In this below-sea-level basin, steady drought and record summer heat make Death Valley a land of extremes. Yet, each extreme has a striking contrast. Towering peaks are frosted with winter snow. Death Valley is a national hotspot located in the state of California. Death Valley is one of the hottest places in the world in the peaks of summer time reaching temperatures up to 57 degrees Celsius.
Native Americans have lived in Death Valley since the end of the Ice Age, evolving and changing in many ways. This picture shows the pioneers arriving in Death Valley, CA, when then they first encountered the Timbisha Shoshone tribe. This started the Timbisha Shoshone’s “ fight for their homeland” which went on for many years. One of the mining companies that originally set up in Death Valley, developed the park for tourism. More recently Death Valley has become a national park and the Timbisha Shoshone tribe has been recognized properly, though they continue to struggle for rights and face many challenges.
The Western Shoshone Flag song was created not too long ago in 1997. It represents language by being sung in the Timbisha Shoshone’s native language Panamint. The song is sung by Judy Trejo a Shoshone native, and the song represents all Shoshone tribes and their history. From this item, we can infer that the Timbisha Shoshone’s native language Panamint is very important to them and still apart of their culture through their music. Even recently their native language lives on and is being supported, for this song is not that old.
This is a video of the western Shoshone people singing and doing the “Round Dance.” The “Round Dance” was a big part of their ceremonies which were held when food was plentiful. It was done by both men and women. The dance was also performed as a part of the Mourning Ceremony, which was held once a year for the people who died in their tribe last year.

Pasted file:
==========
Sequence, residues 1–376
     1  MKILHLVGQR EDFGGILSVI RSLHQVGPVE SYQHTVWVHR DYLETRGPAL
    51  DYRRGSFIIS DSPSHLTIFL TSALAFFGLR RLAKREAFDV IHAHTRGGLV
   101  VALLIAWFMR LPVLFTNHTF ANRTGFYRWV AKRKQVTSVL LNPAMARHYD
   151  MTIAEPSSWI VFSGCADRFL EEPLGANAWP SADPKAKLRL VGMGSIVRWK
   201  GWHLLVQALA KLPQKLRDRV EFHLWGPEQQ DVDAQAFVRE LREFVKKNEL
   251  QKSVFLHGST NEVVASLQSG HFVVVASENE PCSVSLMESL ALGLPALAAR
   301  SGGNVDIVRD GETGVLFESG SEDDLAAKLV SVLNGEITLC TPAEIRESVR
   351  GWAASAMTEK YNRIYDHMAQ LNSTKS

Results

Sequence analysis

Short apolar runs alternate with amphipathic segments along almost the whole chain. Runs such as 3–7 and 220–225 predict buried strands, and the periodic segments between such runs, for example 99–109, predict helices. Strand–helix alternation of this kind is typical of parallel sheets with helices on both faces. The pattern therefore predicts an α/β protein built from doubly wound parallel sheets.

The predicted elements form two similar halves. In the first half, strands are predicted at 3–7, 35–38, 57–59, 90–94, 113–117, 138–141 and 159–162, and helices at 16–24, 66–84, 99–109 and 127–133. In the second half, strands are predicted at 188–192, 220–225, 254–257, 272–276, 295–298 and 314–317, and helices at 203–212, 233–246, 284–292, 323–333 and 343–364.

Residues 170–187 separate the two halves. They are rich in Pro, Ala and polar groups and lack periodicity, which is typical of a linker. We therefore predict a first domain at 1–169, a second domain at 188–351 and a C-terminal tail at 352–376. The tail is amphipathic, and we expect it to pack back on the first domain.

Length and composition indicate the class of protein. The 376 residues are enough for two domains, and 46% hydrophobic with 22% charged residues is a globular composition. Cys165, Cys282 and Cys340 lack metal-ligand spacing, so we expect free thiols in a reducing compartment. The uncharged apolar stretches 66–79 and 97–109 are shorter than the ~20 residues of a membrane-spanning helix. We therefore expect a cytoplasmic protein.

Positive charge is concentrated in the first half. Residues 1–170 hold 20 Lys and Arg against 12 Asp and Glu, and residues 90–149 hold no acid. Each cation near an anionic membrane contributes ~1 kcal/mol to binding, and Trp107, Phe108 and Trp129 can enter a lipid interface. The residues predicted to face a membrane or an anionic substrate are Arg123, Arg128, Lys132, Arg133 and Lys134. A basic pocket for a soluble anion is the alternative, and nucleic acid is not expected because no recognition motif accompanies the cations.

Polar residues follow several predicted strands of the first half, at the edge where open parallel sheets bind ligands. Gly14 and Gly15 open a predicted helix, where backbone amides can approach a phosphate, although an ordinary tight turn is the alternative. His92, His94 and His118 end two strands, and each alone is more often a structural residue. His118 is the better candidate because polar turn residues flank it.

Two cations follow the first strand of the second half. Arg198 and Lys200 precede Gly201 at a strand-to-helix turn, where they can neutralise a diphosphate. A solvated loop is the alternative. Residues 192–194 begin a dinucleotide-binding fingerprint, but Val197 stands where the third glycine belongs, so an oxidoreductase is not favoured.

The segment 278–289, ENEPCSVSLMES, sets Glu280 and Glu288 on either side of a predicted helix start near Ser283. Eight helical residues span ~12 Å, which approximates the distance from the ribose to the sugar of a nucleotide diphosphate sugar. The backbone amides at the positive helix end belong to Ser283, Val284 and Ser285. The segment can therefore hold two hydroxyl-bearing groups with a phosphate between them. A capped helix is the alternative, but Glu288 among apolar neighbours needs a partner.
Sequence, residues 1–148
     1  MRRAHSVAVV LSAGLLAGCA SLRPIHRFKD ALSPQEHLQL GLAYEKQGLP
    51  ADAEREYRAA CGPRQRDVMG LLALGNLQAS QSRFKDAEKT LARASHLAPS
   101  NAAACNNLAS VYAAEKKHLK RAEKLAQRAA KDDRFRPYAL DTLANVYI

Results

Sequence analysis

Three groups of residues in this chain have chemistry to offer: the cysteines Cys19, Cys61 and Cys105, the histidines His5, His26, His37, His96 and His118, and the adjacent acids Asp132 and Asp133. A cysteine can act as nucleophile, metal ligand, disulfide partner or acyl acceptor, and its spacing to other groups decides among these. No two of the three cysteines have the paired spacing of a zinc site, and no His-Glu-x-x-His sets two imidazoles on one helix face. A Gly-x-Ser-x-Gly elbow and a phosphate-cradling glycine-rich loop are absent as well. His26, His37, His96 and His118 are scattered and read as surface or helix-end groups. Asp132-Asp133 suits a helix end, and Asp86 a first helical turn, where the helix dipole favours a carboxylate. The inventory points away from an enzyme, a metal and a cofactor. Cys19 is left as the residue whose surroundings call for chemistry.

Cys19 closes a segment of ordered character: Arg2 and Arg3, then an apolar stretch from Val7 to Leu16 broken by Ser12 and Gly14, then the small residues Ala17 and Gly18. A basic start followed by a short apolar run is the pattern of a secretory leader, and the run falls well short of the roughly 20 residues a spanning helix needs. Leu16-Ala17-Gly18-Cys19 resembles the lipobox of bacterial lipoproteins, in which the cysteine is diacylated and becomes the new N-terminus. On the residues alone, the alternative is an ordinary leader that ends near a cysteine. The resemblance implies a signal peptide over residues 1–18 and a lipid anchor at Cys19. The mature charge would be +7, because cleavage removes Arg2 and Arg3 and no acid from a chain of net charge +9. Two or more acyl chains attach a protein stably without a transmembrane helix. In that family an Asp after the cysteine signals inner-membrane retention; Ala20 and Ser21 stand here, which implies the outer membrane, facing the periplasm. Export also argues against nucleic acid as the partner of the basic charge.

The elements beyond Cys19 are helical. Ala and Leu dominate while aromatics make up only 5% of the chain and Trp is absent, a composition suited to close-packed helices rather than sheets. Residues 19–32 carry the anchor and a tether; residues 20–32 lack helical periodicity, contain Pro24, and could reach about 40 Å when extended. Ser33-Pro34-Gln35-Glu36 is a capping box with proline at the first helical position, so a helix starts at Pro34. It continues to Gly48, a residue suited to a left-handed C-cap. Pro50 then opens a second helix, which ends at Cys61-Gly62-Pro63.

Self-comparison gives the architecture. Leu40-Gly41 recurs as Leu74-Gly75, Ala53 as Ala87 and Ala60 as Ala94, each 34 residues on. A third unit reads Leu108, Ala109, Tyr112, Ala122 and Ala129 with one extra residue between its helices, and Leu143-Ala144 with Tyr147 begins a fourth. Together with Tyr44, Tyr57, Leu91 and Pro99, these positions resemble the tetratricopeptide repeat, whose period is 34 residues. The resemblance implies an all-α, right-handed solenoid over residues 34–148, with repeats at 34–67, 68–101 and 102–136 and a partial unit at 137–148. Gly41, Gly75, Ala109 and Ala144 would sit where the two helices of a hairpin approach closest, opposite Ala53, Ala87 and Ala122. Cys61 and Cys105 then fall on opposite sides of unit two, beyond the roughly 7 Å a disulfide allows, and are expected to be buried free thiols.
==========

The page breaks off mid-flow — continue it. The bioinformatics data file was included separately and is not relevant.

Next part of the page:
The fancy shawl dance was originally designed for men, then more recently in 1950 the dance was opened up to woman too. This video was taken at the 2013 Elko powwow, the Elko are part of the Western Shoshone tribes. This particular kind of dance is mostly found at fandangos, a get together, similar to a powwow. This unique dance is competitive and requires a lot of skill, several different age groups participate and all agree that it is fun. I chose this item to represent music and dance because they are dancing to native music as the dance competition takes place.
This is a picture of where the Western Shoshone people lived before they came to live in reservations.The Eastern and Northern lived in teepees which were pretty portable and could be broken down quickly because they moved very frequently to gather food. However, the Western Shoshone people didn't do much hunting so they built less portable homes called wickiups.
A dark gray dress with a tan and red lining, most likely used as a ceremonial dress for woman. This article of clothing belongs to the Western Shoshone tribe. It was created in 1915 and found in 1924. This item, tells us that the Western Shoshone, or more specifically the Timbisha Shoshone, honored the proper dress for ceremonies, and that the ceremonies are important to the tribe.
The article is about a Timbisha Shoshone native, Pauline Esteves, being interviewed about her tribe’s history and what life is like for them today. In the interview she mentions, that there are around 125 native Timbisha Shoshone that live off of the reservation and about 50 who stay at the reservation at certain times of the year. She finds it sad that at the time, in 2001, not even half of the tribe was living on their homeland. This tells us how few Native Americans are recognized or know of their history today. "All our culture, all our songs, and our language, is about the land. They say we Timbisha do not need anything to lean on, that we just are here. We exist." Pauline Esteves, talking about what her tribe was like and is still like today.